Electrical foreman are supervisory electricians who oversee planning and implementation of large electrical projects. Formal education is not necessarily required, but completion of an apprenticeship is a typical way of gaining appropriate experience and licensure in this field.
An electrical foreman plans and manages electrical building projects and supervises personnel. This requires meeting with clients, as well as establishing a proper budget for the project. This job does not require any formal education; however, prospective candidates must complete an apprenticeship and have 4-7 years of experience as an electrician before applying for a license in their specialty area. This job might appeal to individuals with interests in construction, electricity/lighting, and business.
|Required Education||High school diploma, electrician apprenticeship|
|Additional Requirements||4-7 years work experience as an electrician, license in area of expertise|
|Projected Job Growth (2018-2028)*||10% (electricians); 10% (construction managers)|
|Median Salary (2018)*||$55,190 (electricians); $93,370 (construction managers)|
Source: *U.S. Bureau of Labor Statistics
An electrical foreman is in charge of large and complex projects that employ many different electricians at the same time, and supervises the project as a whole, from the large-scale down to the details. On such a project, a foreman is responsible for providing on-site direction and leadership for workers in order to complete jobs within specific guidelines that include quality standards, time requirements, and budget considerations.
A foreman may be responsible for many different aspects of the job, including planning, customer relations, material management, and quality control. Depending on the employer, a foreman may also be responsible for training employees or overseeing apprenticeship programs.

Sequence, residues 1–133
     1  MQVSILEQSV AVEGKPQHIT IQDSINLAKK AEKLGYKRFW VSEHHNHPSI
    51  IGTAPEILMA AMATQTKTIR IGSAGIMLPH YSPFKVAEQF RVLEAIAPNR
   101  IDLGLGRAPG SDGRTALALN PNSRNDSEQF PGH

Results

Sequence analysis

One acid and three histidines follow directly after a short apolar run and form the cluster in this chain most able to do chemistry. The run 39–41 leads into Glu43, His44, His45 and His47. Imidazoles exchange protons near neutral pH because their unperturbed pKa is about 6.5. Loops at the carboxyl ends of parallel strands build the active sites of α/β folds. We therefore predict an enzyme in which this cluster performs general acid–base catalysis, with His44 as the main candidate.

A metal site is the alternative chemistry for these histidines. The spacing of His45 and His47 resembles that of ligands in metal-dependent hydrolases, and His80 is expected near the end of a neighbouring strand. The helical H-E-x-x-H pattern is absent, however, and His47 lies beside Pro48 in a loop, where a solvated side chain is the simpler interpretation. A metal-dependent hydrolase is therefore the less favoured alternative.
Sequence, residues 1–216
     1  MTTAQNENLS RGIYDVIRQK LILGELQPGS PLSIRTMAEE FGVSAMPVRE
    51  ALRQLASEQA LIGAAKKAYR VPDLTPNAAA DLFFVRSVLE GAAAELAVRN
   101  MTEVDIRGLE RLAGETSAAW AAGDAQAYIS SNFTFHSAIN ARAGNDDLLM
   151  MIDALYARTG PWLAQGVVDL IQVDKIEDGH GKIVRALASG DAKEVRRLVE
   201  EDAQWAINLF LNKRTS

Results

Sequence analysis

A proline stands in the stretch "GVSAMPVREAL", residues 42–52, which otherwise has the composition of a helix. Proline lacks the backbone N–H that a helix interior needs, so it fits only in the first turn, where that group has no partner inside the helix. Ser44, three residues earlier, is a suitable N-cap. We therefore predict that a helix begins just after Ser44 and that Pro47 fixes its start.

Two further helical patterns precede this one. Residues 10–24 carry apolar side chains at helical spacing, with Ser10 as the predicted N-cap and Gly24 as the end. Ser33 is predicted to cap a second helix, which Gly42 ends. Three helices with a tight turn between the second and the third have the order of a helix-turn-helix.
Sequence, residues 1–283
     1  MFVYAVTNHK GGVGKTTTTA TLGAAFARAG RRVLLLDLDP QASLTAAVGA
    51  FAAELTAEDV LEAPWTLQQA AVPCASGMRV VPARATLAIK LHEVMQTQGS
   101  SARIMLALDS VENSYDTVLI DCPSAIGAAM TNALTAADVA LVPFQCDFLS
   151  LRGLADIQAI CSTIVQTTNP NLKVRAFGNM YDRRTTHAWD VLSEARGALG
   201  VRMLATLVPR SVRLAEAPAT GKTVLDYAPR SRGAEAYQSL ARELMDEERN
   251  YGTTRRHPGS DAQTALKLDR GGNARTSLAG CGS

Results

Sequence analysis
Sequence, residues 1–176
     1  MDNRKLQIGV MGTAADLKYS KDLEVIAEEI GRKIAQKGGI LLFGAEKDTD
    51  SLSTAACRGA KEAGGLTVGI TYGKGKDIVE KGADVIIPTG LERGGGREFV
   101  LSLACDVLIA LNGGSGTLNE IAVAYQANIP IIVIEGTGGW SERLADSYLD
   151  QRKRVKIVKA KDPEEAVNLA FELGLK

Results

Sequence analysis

Managing a team, evaluating employees' progress, training new team members, attending meetings, identifying conflicts, and resolving problems are all personnel responsibilities that an electrical foreman may have. Other work responsibilities often include organizing and planning a construction project, directing work, inspecting installations for quality, making sure code standards are met, and ensuring job safety.
Electrical foremen are generally required to have an active license as a journeyman or master electrician in the specialty area in which they will work and knowledge of the National Electrical Code. Many employers, especially those with large projects, may choose to hire foremen with prior supervisory experience. Employers may promote employees to the position of foreman after they have demonstrated their capability working at lower levels in the company.
To become a licensed journeyman or master electrician, prospective electrical foremen normally complete an electrician's apprenticeship and acquire four to seven years of experience as electricians. Prospective electricians who wish to complete a college degree at the same time as their apprenticeship may choose to enroll in a National Joint Apprenticeship and Training Committee program.
Salary Info and Job Outlook
Although the U.S. Bureau of Labor Statistics (BLS, www.bls.gov) does not provide information specific to electrical foremen, it does publish data for both construction managers and electricians. The BLS projects that the employment of construction managers and electricians will grow at a faster than average rate of 10% from 2018 to 2028. While construction managers earned a median annual salary of $93,370 in May 2018, electricians earned a median of $55,190 the same year, per the BLS.
You might consider a career as an electrician foreman if you have experience as an electrician, and enjoy taking on leadership and management responsibilities. While no formal education is required, you should complete an apprenticeship and have years of experience and a specialty license. Job growth for electricians is expected to be faster than average over the next decade.